Who cares if you play?

Concerts, playing together, playing for an audience. This used to be as easy as it was essential. Musicians need an audience. While I'm still isolated I will be developing a 1 hr performance for an imagined house concert in the spring. And it won't be streamable: it will be live.

  1. Music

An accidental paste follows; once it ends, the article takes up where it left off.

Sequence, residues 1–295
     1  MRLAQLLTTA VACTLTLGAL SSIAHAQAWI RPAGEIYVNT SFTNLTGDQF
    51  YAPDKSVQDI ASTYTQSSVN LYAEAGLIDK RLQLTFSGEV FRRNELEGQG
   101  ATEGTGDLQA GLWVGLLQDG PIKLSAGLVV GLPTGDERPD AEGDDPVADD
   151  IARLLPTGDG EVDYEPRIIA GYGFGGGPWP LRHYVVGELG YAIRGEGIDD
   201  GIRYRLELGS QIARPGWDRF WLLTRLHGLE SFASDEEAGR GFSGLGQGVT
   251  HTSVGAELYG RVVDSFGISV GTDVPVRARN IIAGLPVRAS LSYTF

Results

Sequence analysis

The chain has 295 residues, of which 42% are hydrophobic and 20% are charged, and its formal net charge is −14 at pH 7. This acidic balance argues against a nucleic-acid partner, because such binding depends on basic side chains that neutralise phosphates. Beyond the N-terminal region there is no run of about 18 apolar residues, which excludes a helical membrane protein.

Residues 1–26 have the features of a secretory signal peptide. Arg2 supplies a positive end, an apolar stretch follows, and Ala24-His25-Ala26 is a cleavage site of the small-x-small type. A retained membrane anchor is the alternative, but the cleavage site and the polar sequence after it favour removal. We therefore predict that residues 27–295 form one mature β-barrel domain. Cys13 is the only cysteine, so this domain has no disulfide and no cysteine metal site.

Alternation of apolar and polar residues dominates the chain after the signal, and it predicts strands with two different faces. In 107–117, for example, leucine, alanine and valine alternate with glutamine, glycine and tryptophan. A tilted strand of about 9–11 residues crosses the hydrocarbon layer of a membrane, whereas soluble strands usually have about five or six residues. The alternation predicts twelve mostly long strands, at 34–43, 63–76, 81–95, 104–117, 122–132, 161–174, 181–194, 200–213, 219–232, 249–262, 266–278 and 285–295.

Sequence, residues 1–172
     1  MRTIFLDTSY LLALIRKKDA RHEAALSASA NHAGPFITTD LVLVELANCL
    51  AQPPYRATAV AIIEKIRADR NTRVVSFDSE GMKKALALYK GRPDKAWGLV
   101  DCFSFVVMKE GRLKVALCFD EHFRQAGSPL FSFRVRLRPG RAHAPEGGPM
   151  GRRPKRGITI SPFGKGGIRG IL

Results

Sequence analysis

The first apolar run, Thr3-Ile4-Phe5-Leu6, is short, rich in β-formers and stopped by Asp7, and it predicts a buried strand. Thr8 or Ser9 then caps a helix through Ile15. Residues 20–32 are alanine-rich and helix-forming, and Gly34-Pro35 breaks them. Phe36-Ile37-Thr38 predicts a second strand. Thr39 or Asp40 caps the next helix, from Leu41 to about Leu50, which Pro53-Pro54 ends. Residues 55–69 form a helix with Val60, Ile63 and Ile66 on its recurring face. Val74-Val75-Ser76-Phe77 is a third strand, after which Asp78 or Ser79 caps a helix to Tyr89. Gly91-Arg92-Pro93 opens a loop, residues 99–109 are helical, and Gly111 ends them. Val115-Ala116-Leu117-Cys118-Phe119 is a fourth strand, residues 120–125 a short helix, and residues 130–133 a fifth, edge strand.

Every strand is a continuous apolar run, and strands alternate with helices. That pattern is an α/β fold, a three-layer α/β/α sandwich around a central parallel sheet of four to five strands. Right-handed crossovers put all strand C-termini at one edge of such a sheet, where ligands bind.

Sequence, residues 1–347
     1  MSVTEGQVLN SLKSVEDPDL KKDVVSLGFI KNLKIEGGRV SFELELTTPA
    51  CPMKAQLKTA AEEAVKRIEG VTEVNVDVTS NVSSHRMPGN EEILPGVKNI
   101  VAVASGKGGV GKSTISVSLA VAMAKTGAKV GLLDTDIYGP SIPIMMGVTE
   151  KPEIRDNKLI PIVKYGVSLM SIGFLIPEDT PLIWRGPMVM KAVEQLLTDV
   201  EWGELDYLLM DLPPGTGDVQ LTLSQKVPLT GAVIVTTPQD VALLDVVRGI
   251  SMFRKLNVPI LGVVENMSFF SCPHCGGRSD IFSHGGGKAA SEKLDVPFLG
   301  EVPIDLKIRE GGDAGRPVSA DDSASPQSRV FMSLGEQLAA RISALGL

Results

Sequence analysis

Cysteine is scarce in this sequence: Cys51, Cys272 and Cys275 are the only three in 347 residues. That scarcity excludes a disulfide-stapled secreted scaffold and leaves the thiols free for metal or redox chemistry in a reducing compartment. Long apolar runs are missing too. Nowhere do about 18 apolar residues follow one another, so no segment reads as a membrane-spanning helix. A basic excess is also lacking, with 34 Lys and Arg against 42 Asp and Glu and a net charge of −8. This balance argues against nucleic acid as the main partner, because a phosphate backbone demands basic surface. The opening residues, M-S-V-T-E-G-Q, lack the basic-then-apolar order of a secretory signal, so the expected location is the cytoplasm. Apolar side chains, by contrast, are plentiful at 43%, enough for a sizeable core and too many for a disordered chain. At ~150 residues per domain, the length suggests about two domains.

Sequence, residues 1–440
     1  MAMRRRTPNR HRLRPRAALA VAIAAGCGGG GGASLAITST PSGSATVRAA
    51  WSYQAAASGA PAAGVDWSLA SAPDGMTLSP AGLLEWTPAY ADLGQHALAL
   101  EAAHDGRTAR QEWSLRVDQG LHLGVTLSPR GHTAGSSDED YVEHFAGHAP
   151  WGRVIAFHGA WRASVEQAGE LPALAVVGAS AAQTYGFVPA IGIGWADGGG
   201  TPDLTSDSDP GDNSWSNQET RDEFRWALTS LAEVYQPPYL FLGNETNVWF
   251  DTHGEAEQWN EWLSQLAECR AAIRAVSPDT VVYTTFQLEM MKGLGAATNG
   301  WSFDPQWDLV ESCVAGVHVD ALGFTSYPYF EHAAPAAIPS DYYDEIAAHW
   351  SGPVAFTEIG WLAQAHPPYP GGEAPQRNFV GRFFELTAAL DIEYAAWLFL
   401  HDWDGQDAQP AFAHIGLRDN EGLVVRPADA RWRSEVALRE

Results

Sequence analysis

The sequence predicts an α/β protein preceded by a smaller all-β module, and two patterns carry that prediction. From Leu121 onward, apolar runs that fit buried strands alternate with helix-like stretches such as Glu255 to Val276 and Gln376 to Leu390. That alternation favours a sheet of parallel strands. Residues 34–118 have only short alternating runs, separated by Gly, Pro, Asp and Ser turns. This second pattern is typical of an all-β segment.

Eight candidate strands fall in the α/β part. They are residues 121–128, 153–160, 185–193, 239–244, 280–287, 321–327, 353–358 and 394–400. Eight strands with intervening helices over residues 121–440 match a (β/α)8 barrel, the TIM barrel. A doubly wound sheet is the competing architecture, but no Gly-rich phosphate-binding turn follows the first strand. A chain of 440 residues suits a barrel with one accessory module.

• "Who cares if you listen?" provoked composer Milton Babbitt in 1958. Sometimes you have to take something away in order to recognise its significance. The importance of a live audience has become apparent in this year of separation when live music has been relegated to awkward online concerts. There is an immeasurable exchange between performer and live audience. I care if you listen, and you care if I play. For now, I must play alone – and I can work with that. But if I am to play alone, there must at least be an audience. So I am preparing a concert in which I will weave together solo violin improvisations enriched by a layering loop station, spoken word, Irish fiddle, and maybe voice. I'm envisaging a context which might be possible in a few months: a small house concert, a select audience of however many the limit is at the time. [Watercolour original © Maria Theresia Von Fürstenberg]